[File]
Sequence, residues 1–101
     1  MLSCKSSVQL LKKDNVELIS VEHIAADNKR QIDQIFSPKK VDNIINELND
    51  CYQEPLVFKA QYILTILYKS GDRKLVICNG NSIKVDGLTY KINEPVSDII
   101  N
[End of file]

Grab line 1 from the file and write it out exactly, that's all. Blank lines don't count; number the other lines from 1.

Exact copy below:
Sequence, residues 1–101